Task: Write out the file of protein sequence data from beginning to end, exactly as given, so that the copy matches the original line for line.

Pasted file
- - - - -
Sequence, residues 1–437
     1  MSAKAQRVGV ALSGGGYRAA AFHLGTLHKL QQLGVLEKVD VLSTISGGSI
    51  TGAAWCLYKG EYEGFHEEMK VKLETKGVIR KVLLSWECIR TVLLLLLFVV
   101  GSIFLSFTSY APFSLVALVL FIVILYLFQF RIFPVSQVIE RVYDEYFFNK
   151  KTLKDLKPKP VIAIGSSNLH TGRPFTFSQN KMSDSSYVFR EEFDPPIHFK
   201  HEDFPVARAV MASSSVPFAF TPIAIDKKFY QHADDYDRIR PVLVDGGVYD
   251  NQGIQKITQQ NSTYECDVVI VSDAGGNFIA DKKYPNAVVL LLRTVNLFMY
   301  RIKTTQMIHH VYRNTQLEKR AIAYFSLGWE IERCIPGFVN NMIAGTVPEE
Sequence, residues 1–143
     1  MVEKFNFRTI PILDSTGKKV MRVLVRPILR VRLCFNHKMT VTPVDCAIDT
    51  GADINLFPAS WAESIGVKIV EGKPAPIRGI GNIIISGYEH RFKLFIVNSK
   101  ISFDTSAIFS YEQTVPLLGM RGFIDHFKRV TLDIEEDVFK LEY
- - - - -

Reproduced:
Sequence, residues 1–437
     1  MSAKAQRVGV ALSGGGYRAA AFHLGTLHKL QQLGVLEKVD VLSTISGGSI
    51  TGAAWCLYKG EYEGFHEEMK VKLETKGVIR KVLLSWECIR TVLLLLLFVV
   101  GSIFLSFTSY APFSLVALVL FIVILYLFQF RIFPVSQVIE RVYDEYFFNK
   151  KTLKDLKPKP VIAIGSSNLH TGRPFTFSQN KMSDSSYVFR EEFDPPIHFK
   201  HEDFPVARAV MASSSVPFAF TPIAIDKKFY QHADDYDRIR PVLVDGGVYD
   251  NQGIQKITQQ NSTYECDVVI VSDAGGNFIA DKKYPNAVVL LLRTVNLFMY
   301  RIKTTQMIHH VYRNTQLEKR AIAYFSLGWE IERCIPGFVN NMIAGTVPEE
Sequence, residues 1–143
     1  MVEKFNFRTI PILDSTGKKV MRVLVRPILR VRLCFNHKMT VTPVDCAIDT
    51  GADINLFPAS WAESIGVKIV EGKPAPIRGI GNIIISGYEH RFKLFIVNSK
   101  ISFDTSAIFS YEQTVPLLGM RGFIDHFKRV TLDIEEDVFK LEY